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Personal Injury Claims - Frequently Asked Questions (FAQ)

Here are some of the common questions which are asked by people wishing to, or are in the process of making a personal injury claim. Our legal team at Spencers Solicitors are experienced in all types of personal injury claims, from road traffic accidents to workplace injuries.

If you can't find the information you need call us free on 08000 93 00 94 or submit an online enquiry form for no obligation injury claim advice.


  • What is a split liability agreement? - '50/50' - '75/25'

    In some accident claims it may be appropriate to agree with the other side an apportionment of liability on a split basis. Examples of split liability agreements may be referred to as: 'a 50/50 split' or 'a 75/25 split'.

    '50/50' are not 'knock for knock' settlements, where both parties bear their own losses.

    Split liability agreements may be advised upon for a number of reasons, these could be based on evidence or upon commercial reality.

    Sometimes a split settlement is proposed where there is no clear evidence of who was at fault for the incident and neither party are willing to accept full liability.

    If a split settlement is agreed, each party receives a proportion of their claim. e.g., in the case of a 50/50 split each party would receive 50% of their damages for injury and for their losses.

    Do remember that the decision to make such an agreement is yours. Such an agreement will never be imposed upon you.

    For more details please see our guide to split liability agreements.

  • How long will my claim take to settle?

    We can't answer that until we know about your individual accident claim.

    However we can say that an undisputed, relatively straight-forward injury claim may be finalised in a matter of a few months. More complicated injury claims may take as long as your injuries take to stabilise.

    Factors which can affect the timescale are things like:

    • Disputes - The question of who is to blame or whether the amount of your claim is reasonable may be argued by the other party. Should this happen, we will always give you the best advice and lead you through any dispute to reach an acceptable outcome.
    • Insurance companies - Can be notoriously slow at dealing with claims, be that by answering correspondence or releasing settlement monies. We will strive to ensure that they deal with your case within the time limits allowed by relevant Protocols and/or Court Rules.
    • Medical experts - Unfortunately are high in demand. From time to time there may be delays in receiving appointments or written reports. Rest assured we will also endeavour to use the swiftest and highest quality of medical experts.
    • Courts - The court process can sometimes be a slow one; it can be daunting too. We will support and guide you through this as quickly and efficiently as possible, fully explaining each step of the process.

    While speed is good, quality is better. A thorough claim may gain higher compensation than a quick claim, and will make sure you get the quality and level of damages you need and deserve.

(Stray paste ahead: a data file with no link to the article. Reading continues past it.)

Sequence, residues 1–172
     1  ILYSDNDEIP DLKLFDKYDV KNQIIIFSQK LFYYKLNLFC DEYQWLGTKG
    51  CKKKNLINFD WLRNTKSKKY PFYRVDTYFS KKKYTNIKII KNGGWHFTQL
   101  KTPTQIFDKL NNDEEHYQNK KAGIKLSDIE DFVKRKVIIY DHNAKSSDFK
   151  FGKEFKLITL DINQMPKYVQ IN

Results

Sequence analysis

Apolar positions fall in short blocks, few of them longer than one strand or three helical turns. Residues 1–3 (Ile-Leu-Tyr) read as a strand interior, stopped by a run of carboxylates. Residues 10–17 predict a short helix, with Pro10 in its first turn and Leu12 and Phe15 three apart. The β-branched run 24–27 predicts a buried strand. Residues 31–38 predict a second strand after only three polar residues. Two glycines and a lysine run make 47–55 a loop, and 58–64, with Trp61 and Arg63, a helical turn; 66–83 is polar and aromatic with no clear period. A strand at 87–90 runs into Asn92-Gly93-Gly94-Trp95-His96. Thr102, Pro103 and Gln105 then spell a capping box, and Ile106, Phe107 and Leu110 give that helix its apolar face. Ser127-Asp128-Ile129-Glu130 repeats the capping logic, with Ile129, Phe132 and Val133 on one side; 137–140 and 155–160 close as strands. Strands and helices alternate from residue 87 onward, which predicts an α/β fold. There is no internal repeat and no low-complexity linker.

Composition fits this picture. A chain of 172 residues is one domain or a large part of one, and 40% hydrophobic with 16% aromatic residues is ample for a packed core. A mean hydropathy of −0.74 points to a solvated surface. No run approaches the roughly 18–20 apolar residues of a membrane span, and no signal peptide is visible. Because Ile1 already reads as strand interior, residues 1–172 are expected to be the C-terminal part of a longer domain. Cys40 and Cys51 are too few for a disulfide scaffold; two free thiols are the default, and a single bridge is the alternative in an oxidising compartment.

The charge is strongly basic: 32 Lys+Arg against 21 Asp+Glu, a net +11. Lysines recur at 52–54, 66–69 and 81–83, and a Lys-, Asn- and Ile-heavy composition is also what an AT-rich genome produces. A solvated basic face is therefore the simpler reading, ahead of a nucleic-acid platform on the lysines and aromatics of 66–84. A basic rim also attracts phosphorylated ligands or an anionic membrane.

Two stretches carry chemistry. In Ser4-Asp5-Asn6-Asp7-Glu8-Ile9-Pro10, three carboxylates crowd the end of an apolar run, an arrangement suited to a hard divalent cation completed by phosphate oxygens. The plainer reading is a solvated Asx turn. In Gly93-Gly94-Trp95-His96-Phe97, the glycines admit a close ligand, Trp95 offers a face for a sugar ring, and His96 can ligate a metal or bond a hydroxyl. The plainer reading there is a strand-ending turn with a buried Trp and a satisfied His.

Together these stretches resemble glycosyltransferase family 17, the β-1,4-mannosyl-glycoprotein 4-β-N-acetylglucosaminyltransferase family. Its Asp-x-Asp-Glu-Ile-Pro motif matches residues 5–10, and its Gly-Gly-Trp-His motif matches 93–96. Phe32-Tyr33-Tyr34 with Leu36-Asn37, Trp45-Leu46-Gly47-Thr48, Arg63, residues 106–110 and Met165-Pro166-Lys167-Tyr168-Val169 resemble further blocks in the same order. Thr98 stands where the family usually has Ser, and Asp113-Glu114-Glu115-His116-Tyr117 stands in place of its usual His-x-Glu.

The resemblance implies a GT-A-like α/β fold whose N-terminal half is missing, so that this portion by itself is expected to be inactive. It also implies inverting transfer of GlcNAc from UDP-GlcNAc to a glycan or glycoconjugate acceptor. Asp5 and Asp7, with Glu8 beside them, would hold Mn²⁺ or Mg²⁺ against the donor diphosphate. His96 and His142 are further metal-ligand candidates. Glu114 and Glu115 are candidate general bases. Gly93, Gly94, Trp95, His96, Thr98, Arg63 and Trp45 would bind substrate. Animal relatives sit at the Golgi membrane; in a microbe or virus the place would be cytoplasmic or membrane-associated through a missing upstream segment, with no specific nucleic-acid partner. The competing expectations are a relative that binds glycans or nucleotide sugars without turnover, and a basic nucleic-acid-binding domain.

For more information, see our Accident Guide How long will a personal injury claim take to settle?

  • How much compensation will I receive?

    When you pursue an accident claim, your compensation settlement is usually made up of two distinct elements. First there is compensation for your pain and suffering and secondly there is compensation for the financial losses that you have suffered. The financial impact is often more important than the damages for injury.

    We treat you and your claim as individual. The same injury can affect people in different ways. The specific type and seriousness of the injuries you have sustained and the time over which you have, and will suffer, are all factors which we take into account.

    We support our advice by using a combination of expert medical evidence, latest court cases and judicial guidelines. We will not give you a valuation until we have all the evidence required.

    Common injuries in road accidents are to the neck and back, usually in the form of whiplash. As a general guideline, such injuries lasting for a month or so will attract an award of around £1000; those lasting for up to approximately two years may attract around £5000.

  • If my case settles, how long will it be before my money arrives?

    Once your acceptance of a compensation offer has been received, we will write to the other side and request prompt payment. As it is usually an insurer who actually pays out your damages, we could experience some delay. We usually receive payment within approximately 21 days.

    We will do our best to ensure that settlement is agreed on the basis of a cheque being received within a stipulated period of time. If payment does not arrive we will advise you on the next most appropriate steps.

  • How long after my accident do I have to make a claim?

    A general rule for adults is that you have three years from the date of the accident in which to pursue a personal injury claim. In the case of children this is three years from the date of their 18th birthday.

    However this can differ depending on the type of claim, for more in-depth information, visit our How long do I have to make a claim for personal injury compensation? accident guide.